Dear Net-Mail User [ EweR-635-78-2267-3 aSp]: Your mailbox has just been rifled by EmilyPost, an autonomous courtesy-worm chain program released in October 2036 by an anonymous group of net subscribers in western Alaska. [ ref: sequestered confession 592864-2376298.98634, deposited with Bank Leumi 10/23/36:20:34:21. Expiration-disclosure 10 years.] Under the civil disobedience sections of the Charter of Rio, we accept in advance the fines and penalties that will come due when our confession is released in 2046. However we feel that’s a small price to pay for the message brought to you by EmilyPost. In brief, dear friend, you are not a very polite person. EmilyPost’s syntax analysis subroutines show that a very high fraction of your Net exchanges are heated, vituperative, even obscene. Of course you enjoy free speech. But EmilyPost has been designed by people who are concerned about the recent trend toward excessive nastiness in some parts of the Net. EmilyPost homes in on folks like you and begins by asking them to please consider the advantages of politeness. For one thing, your credibility ratings would rise. (EmilyPost has checked your favorite bulletin boards, and finds your ratings aren’t high at all. Nobody is listening to you, sir!) Moreover, consider that courtesy can foster calm reason, turning shrill antagonism into useful debate and even consensus. We suggest introducing an automatic delay to your mail system. Communications are so fast these days, people seldom stop and think. Some Net users act like mental patients who shout out anything that comes to mind, rather than as functioning citizens with the human gift of tact. If you wish, you may use one of the public-domain delay programs included in this version of EmilyPost, free of charge. Of course, should you insist on continuing as before, disseminating nastiness in all directions, we have equipped EmilyPost with other options you’ll soon find out about…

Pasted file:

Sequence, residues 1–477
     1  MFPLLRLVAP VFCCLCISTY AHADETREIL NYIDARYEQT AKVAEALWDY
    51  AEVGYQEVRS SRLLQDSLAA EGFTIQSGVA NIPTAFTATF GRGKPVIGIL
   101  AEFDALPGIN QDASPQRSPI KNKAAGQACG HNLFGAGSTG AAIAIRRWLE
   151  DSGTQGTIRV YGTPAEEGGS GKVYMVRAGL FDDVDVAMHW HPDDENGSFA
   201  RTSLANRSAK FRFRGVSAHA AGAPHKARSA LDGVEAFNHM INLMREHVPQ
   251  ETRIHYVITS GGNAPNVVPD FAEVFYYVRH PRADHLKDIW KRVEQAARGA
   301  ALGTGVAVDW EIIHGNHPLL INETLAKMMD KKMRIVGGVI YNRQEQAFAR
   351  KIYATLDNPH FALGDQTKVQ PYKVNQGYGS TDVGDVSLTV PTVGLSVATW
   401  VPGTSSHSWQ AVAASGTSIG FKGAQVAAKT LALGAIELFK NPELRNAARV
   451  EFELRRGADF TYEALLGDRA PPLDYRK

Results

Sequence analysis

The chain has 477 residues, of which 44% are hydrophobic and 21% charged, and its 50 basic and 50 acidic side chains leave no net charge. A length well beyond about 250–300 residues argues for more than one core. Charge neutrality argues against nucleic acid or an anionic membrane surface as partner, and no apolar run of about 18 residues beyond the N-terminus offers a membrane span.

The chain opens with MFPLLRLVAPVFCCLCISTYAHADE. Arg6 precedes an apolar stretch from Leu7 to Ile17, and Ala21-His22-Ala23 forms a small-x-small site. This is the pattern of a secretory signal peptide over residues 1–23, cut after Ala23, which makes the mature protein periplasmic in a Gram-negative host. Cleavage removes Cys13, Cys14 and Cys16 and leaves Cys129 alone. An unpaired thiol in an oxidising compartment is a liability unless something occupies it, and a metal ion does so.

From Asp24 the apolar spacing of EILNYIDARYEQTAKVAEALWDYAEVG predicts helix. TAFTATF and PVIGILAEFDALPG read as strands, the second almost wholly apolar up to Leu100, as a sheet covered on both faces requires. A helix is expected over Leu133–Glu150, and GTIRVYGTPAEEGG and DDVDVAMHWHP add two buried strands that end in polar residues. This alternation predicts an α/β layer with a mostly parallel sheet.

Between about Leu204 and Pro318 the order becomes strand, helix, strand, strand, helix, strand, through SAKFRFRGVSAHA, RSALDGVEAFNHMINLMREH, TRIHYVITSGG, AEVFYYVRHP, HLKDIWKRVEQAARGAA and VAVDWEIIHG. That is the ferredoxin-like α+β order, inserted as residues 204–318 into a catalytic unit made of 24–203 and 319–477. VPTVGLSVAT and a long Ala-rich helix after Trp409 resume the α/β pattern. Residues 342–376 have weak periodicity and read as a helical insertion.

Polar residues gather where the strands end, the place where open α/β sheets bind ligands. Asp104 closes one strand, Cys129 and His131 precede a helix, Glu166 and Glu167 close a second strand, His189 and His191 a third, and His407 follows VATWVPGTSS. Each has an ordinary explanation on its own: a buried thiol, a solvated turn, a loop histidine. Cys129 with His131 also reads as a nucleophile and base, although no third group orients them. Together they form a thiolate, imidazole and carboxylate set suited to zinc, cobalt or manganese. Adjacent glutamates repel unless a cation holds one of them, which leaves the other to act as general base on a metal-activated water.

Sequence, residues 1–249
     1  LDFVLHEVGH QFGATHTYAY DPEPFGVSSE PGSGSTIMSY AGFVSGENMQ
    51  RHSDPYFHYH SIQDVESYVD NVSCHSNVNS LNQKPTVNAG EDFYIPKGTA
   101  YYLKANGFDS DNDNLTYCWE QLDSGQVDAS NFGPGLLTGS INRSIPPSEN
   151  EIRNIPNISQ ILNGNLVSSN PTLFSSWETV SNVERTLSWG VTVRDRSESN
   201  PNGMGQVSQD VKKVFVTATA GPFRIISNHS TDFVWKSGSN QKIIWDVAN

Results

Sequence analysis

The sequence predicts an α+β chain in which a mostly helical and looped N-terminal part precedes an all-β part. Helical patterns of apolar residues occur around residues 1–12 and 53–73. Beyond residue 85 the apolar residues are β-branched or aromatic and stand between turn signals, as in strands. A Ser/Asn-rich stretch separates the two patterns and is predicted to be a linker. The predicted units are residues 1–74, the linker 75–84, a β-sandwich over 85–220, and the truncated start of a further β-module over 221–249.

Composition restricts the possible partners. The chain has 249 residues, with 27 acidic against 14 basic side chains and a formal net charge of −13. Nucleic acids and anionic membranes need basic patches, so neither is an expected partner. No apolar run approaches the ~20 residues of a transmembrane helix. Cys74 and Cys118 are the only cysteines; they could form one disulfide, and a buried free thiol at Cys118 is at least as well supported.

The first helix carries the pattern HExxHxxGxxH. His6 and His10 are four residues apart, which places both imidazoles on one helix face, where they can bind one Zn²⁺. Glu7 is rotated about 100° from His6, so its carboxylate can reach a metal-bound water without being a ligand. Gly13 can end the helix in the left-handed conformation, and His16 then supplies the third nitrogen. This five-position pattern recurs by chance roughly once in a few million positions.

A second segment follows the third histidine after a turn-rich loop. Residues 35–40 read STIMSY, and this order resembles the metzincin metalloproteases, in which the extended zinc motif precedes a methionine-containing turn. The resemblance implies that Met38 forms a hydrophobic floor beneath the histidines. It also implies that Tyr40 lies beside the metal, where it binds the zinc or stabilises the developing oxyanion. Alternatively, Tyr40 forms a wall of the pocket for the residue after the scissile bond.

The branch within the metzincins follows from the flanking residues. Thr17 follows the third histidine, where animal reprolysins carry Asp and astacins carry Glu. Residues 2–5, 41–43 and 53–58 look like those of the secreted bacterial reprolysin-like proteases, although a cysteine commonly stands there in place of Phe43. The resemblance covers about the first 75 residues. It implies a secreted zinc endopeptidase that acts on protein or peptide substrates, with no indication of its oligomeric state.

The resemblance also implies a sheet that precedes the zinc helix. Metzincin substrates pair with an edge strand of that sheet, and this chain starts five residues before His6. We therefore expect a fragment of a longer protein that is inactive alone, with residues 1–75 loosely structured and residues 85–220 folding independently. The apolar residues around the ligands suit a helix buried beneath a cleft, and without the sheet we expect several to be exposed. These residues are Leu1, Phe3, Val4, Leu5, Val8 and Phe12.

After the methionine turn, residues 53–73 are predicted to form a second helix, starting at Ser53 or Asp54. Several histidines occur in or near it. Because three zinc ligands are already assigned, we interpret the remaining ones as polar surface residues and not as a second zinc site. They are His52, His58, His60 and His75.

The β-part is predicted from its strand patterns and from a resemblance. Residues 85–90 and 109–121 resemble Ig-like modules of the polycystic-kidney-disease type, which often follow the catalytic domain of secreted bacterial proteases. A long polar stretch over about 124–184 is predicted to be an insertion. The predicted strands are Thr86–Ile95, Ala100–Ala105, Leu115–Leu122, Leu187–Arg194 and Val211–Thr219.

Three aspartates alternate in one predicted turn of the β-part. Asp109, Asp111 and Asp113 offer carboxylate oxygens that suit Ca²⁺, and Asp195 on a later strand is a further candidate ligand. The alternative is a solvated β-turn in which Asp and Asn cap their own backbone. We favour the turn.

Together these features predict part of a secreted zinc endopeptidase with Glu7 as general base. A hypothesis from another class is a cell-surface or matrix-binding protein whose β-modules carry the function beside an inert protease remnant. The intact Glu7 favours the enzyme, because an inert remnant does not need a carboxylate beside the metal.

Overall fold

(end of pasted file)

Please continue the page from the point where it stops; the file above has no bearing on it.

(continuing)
David Brin (Earth)